Sometimes it becomes difficult to maintain a fitness-training regimen after being injured. This article will help give you some ideas that will allow you to work around injuries.
Sooner or later all of us will get injured. Your long-term fitness level will not be so much determined on whether you get injured, but how you react to it. What do I mean by this? I’ll give you an example. Many years ago I tore my knee up doing martial arts. At this point I had a choice. I could give up and say my fitness days were over. Or, I could choose to work around the injury.
After the knee injury, I could no longer stand unassisted. But rather than sit idle, the next day I went over to my parents house and rowed their old aluminum row-boat across the lake and back to get exercise. This was less than ideal, but I had found a way to keep active. Later during the healing process, I enrolled in a fitness instructor program and started lifting weights. I learned all about strength training. I used this knowledge towards the end of the knee rehabilitation to help strengthen and complete the healing of the knee. Weight training gave me the benefit of allowing me to work around my injury while it was severe and then later helped me to get the injury back to a healed and strengthened state.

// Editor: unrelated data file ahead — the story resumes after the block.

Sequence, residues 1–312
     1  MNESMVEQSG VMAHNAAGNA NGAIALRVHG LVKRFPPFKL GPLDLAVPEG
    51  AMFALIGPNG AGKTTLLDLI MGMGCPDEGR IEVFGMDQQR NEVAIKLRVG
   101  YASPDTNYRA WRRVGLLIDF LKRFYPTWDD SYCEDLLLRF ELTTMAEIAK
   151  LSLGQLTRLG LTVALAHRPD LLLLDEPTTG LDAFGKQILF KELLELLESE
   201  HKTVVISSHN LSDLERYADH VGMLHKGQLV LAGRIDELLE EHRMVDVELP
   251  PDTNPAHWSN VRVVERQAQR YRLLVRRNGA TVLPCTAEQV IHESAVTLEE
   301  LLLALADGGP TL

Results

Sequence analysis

While living in Montreal, I cracked a rib. This made it to painful to run, and there was too much ice and snow on the ground to bike. I took up swimming and weight training to maintain my conditioning. I found that swimming laps did not aggravate the cracked rib much and it was a new way to work most the muscles in my body.
Later when I received multiple injuries, I found that practicing tai chi helped me back from these injuries. Tai chi provided me with an exercise that was gentle enough to allow myself to heal and at the same time kept me in the habit of maintaining a routine.
So the advice here is to keep moving, even if it is not what you originally envisioned as your ideal exercise. Based on my experience, the body seems to heal quicker from injuries if given the appropriate kind of exercise that won’t worsen the injury. Besides, you may discover that you like some new activity that you would not have considered otherwise. And you may develop a level of fitness in an area that was formerly underdeveloped.
The only other advice I have in regards to this topic is to consult your doctor or a sports medicine doctor if you feel uncertain about any aspect of your modified fitness plan. The goal with your routine is to maintain your conditioning and decrease your healing time with the injury. In order to do this, you must train appropriately. It is always a good idea to get expert advice to help ensure your success.